Money & Career
What to Expect from a Tax Preparer
2/4/2019 1:26:41 PM
Tax Prep

The U.S. tax code is notorious for its complexity. Even so, millions of Americans do their own taxes every year. If you’re one of them but you’re considering hiring a tax preparer this year, you might wonder what you should expect.

First, you can look forward to some extra free time this tax season. When you hire a tax preparer, your main role is to provide your prior-year tax return along with your W-2 or 1099s and other tax documents you receive in the mail. Your tax preparer is also sure to have some questions for you, but once you’ve provided the necessary information, he or she will take it from there.

"The first year someone works with a tax preparer is a little more time-consuming,” says Sam Harrison, a director at CPA firm McElroy, Quirk & Burch (MQB). "I will ask more questions that first year because I want to make sure we don’t miss anything. But once I get to know you, there are things I just know — how many kids you have, for example.”

Still, MQB sends paperwork to its existing clients every January in order to determine whether their tax situation has changed.

How much you can expect to pay your tax preparer likely depends on how complicated your tax situation is and on the number and types of forms you need to file. Like many firms, MQB charges an hourly rate. Harrison says that unless your tax situation has substantially changed, you can expect to pay a similar fee from one year to the next.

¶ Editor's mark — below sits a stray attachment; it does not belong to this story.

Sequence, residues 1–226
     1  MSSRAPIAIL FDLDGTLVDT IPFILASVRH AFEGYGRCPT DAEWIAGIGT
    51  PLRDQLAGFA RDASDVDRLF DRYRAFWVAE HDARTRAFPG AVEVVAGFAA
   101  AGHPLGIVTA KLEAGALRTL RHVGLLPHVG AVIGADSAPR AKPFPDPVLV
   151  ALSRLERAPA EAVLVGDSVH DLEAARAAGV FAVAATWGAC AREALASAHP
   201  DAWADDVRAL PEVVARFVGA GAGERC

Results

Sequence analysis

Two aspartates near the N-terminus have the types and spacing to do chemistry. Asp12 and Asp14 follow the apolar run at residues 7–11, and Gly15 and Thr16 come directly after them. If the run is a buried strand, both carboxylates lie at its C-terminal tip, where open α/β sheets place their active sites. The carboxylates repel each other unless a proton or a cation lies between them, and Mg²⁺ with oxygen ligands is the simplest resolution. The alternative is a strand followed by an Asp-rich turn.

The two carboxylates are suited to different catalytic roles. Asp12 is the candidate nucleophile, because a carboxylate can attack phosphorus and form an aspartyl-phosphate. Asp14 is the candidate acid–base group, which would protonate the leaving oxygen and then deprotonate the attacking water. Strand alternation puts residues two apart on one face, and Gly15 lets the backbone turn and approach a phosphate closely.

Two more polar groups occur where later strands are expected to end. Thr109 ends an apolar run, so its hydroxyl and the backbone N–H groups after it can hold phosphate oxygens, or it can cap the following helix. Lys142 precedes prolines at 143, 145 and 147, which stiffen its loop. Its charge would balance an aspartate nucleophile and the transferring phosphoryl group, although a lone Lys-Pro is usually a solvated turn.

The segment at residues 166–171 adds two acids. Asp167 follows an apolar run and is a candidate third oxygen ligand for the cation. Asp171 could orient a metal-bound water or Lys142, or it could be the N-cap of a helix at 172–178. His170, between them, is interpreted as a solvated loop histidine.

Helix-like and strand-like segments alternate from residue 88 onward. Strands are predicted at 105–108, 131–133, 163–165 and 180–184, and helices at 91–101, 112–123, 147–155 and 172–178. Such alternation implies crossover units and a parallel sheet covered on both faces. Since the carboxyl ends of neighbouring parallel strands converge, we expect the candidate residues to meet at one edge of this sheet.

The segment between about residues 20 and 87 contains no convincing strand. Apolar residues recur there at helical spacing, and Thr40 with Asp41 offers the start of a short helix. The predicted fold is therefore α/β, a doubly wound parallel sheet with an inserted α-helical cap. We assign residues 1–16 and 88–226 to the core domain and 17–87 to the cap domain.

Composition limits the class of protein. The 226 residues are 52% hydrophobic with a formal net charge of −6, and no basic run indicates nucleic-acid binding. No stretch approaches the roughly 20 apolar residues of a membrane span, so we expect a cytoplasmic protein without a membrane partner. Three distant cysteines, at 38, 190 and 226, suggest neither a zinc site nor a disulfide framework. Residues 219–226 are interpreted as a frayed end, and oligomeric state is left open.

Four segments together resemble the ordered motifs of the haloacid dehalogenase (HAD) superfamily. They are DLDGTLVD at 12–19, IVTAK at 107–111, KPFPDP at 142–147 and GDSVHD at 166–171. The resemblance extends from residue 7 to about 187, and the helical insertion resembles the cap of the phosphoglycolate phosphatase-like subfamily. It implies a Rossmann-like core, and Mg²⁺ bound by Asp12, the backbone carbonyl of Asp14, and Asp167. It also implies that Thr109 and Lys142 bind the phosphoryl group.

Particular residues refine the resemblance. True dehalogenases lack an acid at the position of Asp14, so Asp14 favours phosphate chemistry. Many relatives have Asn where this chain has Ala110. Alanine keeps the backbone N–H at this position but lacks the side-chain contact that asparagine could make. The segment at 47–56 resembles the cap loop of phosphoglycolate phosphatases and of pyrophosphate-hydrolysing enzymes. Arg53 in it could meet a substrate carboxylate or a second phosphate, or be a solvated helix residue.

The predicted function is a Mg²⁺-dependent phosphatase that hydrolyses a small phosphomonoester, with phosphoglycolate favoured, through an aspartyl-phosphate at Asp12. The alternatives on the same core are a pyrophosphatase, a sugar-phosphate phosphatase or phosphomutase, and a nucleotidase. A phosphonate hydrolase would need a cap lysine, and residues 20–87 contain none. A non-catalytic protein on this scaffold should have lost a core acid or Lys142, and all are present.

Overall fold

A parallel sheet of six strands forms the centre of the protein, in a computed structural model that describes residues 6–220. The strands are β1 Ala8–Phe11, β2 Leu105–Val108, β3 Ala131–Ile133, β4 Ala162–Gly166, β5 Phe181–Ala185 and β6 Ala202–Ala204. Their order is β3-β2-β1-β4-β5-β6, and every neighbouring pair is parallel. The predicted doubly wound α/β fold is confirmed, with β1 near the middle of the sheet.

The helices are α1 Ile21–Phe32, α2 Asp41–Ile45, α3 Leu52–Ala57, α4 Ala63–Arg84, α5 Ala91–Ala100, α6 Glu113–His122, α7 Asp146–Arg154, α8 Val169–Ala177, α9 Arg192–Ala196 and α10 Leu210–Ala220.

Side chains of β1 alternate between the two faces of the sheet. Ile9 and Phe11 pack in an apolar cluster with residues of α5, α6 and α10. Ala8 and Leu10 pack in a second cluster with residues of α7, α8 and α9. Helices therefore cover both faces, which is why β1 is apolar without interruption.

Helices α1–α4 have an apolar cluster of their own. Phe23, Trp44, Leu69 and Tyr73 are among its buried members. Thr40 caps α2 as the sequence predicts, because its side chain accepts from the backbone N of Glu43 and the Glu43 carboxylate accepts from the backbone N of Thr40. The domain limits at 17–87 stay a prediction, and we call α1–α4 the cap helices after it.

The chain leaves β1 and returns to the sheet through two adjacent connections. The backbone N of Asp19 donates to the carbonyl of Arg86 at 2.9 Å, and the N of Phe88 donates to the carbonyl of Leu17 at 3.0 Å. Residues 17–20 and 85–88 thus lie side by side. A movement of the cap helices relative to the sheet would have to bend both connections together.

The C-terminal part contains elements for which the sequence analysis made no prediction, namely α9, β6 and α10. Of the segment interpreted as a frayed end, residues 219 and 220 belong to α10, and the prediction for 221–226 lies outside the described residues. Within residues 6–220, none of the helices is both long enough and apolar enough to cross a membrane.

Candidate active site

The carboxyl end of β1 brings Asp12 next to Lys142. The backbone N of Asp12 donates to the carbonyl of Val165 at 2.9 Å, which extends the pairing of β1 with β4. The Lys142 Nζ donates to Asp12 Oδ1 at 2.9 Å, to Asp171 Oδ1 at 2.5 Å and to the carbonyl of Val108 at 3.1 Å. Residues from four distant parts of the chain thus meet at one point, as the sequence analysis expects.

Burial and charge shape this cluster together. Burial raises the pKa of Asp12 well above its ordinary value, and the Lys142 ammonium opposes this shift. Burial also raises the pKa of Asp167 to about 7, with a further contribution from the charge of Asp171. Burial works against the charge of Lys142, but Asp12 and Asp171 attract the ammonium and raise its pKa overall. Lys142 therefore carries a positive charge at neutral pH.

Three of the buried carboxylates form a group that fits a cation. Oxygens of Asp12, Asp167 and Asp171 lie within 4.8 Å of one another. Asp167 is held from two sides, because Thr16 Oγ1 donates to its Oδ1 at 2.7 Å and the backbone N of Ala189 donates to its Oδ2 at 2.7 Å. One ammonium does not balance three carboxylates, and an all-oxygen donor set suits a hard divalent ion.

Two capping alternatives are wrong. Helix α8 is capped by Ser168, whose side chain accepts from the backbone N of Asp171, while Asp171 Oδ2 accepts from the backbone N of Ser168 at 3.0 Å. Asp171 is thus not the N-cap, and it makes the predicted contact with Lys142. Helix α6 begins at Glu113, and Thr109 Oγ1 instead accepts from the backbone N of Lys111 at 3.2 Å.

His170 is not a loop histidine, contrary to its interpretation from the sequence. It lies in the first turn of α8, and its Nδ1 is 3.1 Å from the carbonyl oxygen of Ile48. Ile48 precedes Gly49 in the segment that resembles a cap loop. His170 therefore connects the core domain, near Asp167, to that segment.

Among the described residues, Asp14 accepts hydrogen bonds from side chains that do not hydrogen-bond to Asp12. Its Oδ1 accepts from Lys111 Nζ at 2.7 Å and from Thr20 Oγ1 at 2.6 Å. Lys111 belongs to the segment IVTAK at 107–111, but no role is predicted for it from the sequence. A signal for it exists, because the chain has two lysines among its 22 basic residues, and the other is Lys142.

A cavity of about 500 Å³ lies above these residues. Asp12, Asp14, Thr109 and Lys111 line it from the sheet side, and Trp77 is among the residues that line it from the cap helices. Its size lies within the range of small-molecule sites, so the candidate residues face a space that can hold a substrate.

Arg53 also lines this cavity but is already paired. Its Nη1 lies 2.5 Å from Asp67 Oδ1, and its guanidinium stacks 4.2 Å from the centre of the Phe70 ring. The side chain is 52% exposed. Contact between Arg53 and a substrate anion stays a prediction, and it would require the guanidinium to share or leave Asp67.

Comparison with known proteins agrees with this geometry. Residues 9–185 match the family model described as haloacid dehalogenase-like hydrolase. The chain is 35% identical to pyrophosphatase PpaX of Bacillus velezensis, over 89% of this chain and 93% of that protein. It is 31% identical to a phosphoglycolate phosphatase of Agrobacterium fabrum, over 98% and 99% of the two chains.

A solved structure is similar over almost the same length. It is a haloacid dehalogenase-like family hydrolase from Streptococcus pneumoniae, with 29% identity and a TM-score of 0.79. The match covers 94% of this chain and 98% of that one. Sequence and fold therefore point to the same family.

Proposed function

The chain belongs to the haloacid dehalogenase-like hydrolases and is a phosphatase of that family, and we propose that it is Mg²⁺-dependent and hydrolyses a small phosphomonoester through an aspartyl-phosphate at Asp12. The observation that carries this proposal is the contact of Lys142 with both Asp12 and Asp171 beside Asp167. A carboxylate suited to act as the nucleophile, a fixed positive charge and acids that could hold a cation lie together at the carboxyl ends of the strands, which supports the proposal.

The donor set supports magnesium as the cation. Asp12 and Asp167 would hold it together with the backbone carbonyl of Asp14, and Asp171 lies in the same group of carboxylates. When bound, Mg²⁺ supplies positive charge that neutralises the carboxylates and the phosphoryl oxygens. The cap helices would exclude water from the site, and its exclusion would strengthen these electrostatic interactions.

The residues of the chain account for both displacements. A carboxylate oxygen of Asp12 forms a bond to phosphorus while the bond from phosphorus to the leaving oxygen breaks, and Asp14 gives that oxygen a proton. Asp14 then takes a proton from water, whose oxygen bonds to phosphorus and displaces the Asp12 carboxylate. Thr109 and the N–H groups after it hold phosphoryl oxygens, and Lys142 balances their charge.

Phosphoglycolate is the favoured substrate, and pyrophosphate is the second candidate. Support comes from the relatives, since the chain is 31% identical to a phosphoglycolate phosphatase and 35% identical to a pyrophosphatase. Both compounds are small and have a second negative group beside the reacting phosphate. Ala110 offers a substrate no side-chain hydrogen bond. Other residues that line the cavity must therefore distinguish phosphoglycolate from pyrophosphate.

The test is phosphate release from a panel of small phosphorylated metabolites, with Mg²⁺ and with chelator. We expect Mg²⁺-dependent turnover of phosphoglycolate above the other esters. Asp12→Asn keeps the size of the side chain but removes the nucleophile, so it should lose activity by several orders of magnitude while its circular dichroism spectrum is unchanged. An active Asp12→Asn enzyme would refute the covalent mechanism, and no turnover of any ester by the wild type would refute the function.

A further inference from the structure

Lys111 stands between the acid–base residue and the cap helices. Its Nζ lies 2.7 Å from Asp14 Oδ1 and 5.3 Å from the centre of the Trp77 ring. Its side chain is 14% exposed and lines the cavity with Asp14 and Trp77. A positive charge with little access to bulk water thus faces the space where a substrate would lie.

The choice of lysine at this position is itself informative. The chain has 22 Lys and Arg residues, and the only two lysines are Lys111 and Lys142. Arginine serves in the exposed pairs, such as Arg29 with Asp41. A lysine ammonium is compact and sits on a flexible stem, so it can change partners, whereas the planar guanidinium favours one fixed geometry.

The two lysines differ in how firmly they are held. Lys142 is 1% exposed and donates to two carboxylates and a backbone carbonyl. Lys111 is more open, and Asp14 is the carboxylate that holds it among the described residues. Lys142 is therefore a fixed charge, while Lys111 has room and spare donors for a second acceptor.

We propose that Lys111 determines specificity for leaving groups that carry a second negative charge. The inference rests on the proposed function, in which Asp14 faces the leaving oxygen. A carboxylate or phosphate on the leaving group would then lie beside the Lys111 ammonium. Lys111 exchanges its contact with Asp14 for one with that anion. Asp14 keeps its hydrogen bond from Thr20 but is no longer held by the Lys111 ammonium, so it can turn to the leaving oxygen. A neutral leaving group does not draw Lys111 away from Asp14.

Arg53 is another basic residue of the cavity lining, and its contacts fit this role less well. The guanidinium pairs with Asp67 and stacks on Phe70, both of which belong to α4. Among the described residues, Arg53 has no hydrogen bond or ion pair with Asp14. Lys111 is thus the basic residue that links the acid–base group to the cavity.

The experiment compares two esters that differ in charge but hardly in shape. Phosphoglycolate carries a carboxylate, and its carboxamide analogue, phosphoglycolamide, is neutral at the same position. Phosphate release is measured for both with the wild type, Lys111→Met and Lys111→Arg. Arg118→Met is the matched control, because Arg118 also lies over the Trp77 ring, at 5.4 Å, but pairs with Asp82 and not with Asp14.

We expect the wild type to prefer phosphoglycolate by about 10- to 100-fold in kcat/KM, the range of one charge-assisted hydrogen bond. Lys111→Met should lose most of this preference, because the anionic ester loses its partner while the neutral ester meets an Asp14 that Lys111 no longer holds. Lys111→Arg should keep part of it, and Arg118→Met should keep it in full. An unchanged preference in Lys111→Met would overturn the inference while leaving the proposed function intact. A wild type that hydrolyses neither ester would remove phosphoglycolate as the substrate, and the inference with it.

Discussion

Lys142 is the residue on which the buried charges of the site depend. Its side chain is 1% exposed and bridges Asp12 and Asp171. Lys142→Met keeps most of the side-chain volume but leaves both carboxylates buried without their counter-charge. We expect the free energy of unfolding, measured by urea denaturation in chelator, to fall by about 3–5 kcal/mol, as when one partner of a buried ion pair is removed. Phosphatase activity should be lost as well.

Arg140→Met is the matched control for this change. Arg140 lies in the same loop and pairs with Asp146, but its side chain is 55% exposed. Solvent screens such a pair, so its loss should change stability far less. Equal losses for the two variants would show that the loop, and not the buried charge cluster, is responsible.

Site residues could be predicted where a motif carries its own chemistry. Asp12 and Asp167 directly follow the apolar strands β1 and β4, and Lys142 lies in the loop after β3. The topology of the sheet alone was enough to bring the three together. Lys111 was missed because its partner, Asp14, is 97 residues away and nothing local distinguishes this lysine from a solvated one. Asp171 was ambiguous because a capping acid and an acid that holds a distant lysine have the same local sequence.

According to the IRS, the price for getting a tax return prepared by a professional may range from $60 to more than $1,000, with an average cost of close to $200. If someone wants to base your bill on the size of your refund, though, that’s a red flag.

"That’s a situation that can possibly lead to a faulty filed return,” Harrison says.

Along the same lines, one thing you should not expect is a big refund. Though you may very well get one, anyone who promises that you will before even looking at your paperwork probably isn’t aboveboard. 

Harrison recommends choosing a tax preparer who is credentialed: a CPA, tax attorney, or enrolled agent. Visit irs.treasury.gov/rpo/rpo.jsf to search for one in your area.

He also emphasizes the importance of hiring someone who has experience with similar clients. If you have rental property, for example, work with someone who has other clients with rental property.

Finally, you should expect to feel confident in and comfortable with your tax preparer. If you don’t, find a new one.

"Some people don’t mesh. That’s just the way things work,” Harrison says. "You always want to make sure you are comfortable communicating with your tax preparer, whether that’s by email, in person, or phone calls. A good means of communication and just making sure things mesh is very important.”

For more information on McElroy, Quirk & Burch, call 337-433-1063, go to their website, www.mqb-cpa.com, or email Harrison at sharrison@mqb-cpa.com.
Posted by: Andrea Mongler | Submit comment | Tell a friend

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